• Voodoo Debt and the Coming Recession (Bill Fleckenstein in MSN Money, September 25th): "Author [of The Campbell Real Estate Timing Letter] Robert Campbell writes: "I always figured the deflation of the housing bubble would resemble a slow train wreck, but there is new evidence that makes me think the correction may occur more rapidly. This is because there is compelling evidence that a recession is dead ahead. … Now that housing prices are going sideways to down -- and incomes and jobs are still sagging -- this 'debt-fueled' artificial-life-support system for continued consumer spending (and an expanding U.S. economy) is running out of gas.""
  • Record Number of Foreclosures on the Horizon (David Andrew Taylor in Seeking Alpha, September 21st): "Who are brokers to want to turn away business just because later there is going to be problems.... Except of course brokers who want to stay in business for a long time. I can also see regulation on the horizon. Who better to help out the consumers than the individuals who borrow more money from more institutions from all over the world than the U.S. government. They have years and years of experience in going into hock to lean on for sage advice. I'm sure that we'll be seeing something on the horizon with what appears to be record numbers of foreclosures looming."

Macro Impact, and Will a Housing Crash Cause a Recession?

  • Home Prices Fall For First Time in Decade (Barry Ritholtz in Seeking Alpha, September 25th): "The National Association of Realtors announced Existing-Home Sales today. The data is consistent with our expectations of softening sales and prices and increased inventory...I continue to be impressed with the disconnect between Housing and the Equity markets. Its pretty clear the bond markets get it, as have the commodity markets. Equity markets, on the other hand, are still contemplating some sort of a a soft landing / Goldilocks environment. Well, someone will be right and someone will be wrong . . ."
  • Housing Continues Its Descent (Rob Zenilman in Seeking Alpha, September 20th): "The Commerce Department reported that housings starts declined in August, marking the fifth decline in the past six months. Single family home starts declined 5.9% from July, and 20.6% from last August. Multifamily home starts also dropped 8.2% and 16.9%, respectively. Overall, August construction starts were down 6% from July and 19.8% from August 2005. Additionally, the Commerce Department reported that building permits were also down 2.3% from July and 21.9% from the same period last year. According to Wachovia economic analyst Phillip Neuhart, reduced new home construction will probably reduce 2006 second-half economic growth by at least 0.5%."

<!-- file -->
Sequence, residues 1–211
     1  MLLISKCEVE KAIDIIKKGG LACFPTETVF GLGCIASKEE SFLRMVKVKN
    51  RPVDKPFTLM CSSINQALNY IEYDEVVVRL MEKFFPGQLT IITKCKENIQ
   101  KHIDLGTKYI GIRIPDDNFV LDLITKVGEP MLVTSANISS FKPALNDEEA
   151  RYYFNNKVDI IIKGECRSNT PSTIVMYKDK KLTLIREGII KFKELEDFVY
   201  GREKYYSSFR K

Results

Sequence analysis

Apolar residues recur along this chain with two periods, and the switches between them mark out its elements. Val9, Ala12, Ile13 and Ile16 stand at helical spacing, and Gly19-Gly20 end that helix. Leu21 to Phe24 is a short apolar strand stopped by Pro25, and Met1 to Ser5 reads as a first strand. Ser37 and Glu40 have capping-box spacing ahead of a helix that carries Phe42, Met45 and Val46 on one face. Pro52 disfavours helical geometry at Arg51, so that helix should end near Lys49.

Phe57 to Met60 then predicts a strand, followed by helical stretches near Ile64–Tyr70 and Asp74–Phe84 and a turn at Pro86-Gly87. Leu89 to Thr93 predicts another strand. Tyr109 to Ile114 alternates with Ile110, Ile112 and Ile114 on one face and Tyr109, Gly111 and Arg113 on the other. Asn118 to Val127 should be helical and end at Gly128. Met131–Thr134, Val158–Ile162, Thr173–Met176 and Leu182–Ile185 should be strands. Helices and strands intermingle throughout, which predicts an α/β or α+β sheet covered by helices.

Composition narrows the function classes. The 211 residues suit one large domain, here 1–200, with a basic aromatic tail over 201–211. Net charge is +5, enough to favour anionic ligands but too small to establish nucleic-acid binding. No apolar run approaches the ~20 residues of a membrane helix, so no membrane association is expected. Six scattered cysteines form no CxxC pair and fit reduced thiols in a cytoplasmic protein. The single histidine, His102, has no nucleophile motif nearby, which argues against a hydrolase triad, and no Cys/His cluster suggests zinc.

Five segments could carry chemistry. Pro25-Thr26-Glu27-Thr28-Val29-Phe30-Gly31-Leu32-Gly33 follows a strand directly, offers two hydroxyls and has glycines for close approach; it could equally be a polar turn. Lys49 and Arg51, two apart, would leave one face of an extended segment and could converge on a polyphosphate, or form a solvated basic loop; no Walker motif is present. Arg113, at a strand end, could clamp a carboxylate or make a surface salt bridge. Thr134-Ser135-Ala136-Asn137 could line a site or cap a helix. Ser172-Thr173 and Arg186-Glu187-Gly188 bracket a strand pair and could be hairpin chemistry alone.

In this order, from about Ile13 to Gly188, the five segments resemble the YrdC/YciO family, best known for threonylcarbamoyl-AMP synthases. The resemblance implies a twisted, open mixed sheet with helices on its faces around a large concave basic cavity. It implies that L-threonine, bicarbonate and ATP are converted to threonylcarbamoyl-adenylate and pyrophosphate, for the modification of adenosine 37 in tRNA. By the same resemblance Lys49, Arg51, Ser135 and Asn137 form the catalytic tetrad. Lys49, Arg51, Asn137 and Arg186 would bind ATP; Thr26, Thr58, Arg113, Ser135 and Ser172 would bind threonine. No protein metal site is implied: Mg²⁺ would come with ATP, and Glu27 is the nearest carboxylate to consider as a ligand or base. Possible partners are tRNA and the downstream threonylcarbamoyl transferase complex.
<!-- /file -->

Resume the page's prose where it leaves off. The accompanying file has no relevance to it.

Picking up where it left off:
• Housing Weakness Poses a Significant Threat to GDP and Stocks (Chris Ciovacco in Seeking Alpha, September 20th): "...the correlation between a weakening housing market and the stock market suggests that a defensive investment stance is prudent at the present time. While the recent advance in stocks is impressive on the surface, a more detailed look yields some cause for skepticism. History tells us that the probability of the Federal Reserve being able to engineer a soft landing in the housing market is very low. The economic impact of the recent housing boom has been greater than even the largest stock market booms. It will be difficult, if not nearly impossible, to replace this economic activity from another sector of the economy."

Homebuilder Stocks, and Hedging Your House Price By Shorting Stocks

Web Site of the Day

Arizona Real Estate Notebook

Arizona Real Estate Notebook is a blog written by Arizona realtor John Wake.

He describes it as "Insider tips on Arizona real estate from John L. Wake, Realtor and Economist. Featuring exclusive graphs of Phoenix area home prices."

We like two things about it: first, his honesty and candour, for example his assertion that Arizona house prices may be worse than Zillow.com suggests. And second, his charts.

Worth a look for Arizona real estate buyers and sellers and those of us tracking the real estate market through accurate local data and anecdotes.

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Source: Housing Bubble and Real Estate Market Tracker